Enrique Radigales

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  • Almond (Biofuel) raised to LSD (psycho-tool / Creativity)
  • Divided [Charcoal (Biofuel)] by Printed circuit board with pollen grains (Biotechnology) plus [Amphetamine (Psycho-tool / Work, production)]
  • Galleria mellonella’s feces in larval stage (Biorecycling) raised to Broken tooth (Experience, knowledge) divided [Wood (Biomaterials)] by
  • Paint (Creativity) is equal [Seed (Future) and Lithium Battery (Energy Storage)] to Polished Dollar (Degrowth) divided [Charcoal (Biofuel)] by Mushroom (Mycorrhiza. Biofuel).

This is the reading of the equation where the artist Enrique Radigales substitutes the numerical and mathematical signs for symbolic elements related to biofuels, biomaterials or biorecycling, as well as for metaphors about the knowledge, creativity or work necessary to make a simple and rational use of energy.

In this way, he proposes a reflection on the future energy consumption needs of the planet.

Energy is the capacity of bodies to perform work and make changes in them or in other bodies, depending on their constitution (internal energy), their position (potential energy) or their motion (kinetic energy.) The total energy remains constant; it cannot be created or destroyed, only transformed. Because we have been able to control energy conversion processes, we can know apply them regularly to specific purposes. In order to gain this control, to achieve industrial growth, for instance, humankind needs to carry out a series of appropriations and extractions of natural resources in order to produce consumer goods, thus directly impacting the ecosystem: due to the amount of materials and energy used, where and over what period of time they are used, and especially whether or not the environment is able to regenerate itself. This process, called social or socioeconomic metabolism, which encompasses the exchanges of energetic and material flows carried out in a way or by a culture, is inherent in nature, of which humankind is also a part. The one thing to take into consideration would then be the need for these processes and the way they are carried out, whether in a balanced way or not.

Historically, the applied use of different energy conversions is directly linked to the concept of development, whether industrial, economic or social. Without denying the benefits of some of the solutions for all nature, the exponential growth of technologies is directly proportional to the inequalities between communities: whoever does or does not own this technology, the depletion of resources and the destruction of their environments. The social and natural imbalances they cause are the reason why the 2030 Agenda aims at “ensuring universal access to affordable, reliable and modern energy services” and “significantly increasing the share of renewable energy in the energy mix.” One of the clearest examples would be the benefits of using electric energy in a community and the problems of the gas emissions generated to obtain it.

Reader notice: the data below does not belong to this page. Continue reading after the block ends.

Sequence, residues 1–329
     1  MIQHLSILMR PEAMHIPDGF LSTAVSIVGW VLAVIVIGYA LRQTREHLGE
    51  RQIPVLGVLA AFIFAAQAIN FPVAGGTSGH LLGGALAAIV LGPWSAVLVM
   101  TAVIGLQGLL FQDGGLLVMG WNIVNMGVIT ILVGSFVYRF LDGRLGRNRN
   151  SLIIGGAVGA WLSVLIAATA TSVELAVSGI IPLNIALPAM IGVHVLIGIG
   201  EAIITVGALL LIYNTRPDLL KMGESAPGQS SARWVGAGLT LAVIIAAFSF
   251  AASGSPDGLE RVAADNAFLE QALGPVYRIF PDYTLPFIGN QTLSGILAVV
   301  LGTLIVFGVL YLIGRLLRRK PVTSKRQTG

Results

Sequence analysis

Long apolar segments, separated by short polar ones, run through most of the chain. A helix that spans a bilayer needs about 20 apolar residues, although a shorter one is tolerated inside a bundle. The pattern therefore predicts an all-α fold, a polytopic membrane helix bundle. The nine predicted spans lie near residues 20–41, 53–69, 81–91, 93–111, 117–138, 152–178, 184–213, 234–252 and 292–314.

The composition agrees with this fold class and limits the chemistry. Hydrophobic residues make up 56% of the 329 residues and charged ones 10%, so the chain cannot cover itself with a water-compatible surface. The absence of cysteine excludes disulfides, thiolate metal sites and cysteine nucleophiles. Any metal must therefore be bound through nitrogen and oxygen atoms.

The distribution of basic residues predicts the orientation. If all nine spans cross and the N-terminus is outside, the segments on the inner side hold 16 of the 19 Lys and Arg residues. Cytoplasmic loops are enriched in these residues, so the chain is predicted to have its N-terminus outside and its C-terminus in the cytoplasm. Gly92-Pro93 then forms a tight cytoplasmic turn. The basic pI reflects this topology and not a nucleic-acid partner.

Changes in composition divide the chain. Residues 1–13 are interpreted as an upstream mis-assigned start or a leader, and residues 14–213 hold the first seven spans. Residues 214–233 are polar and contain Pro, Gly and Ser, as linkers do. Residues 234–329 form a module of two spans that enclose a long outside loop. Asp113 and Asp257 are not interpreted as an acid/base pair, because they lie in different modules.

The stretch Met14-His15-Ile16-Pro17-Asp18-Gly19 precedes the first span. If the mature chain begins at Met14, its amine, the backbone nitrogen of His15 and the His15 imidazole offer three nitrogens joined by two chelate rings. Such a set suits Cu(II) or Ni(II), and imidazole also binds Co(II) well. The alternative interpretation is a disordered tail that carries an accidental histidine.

And this is why with this visual equation, Enrique Radigales underlines the importance of innovation in the processes of imagination when dealing with resources and energies, as well as the urgency of thinking that so much controlled energy generation is essential. It is a formula that invites us to rethink not only these new energy sustainability technologies, but also the lifestyles and types of relationships that require them.

The man who is not content with little,
is content with nothing.

The title, a direct quote from the Greek philosopher Epicurus of Samos, is an invitation to a voluntary simplicity and an unfailingly degrowth thought, the same one urged by Henry David Thoreau, Gandhi or Hans Jonas. The ideas of the Austrian thinker Ivan Illich, fundamental for the environmental movements, summarize this concept of “the necessary limitation of our consumption and production and the cessation of our exploitation of nature and labor by capital,” not to “return to a life of deprivation and toil. On the contrary, they give rise to the liberation of creativity, renewal of conviviality, and possibility of leading a worthy life” (Latouche, Serge. The society of frugal abundance. Contradictions and controversies of Degrowth. Icaria, Barcelona, 2012.) Therefore, as the artist himself explains, “the final result of this symbolic calculation represents, as a metaphor for degrowth, a quarter dollar coin whose relief has been sanded to almost nothing, and in the lower part of the division we find a fungus as a symbol of the new mycorrhizal biofuels.”

Keywords: degrowth, voluntary simplicity, sober living, frugal abundance, self-limitation.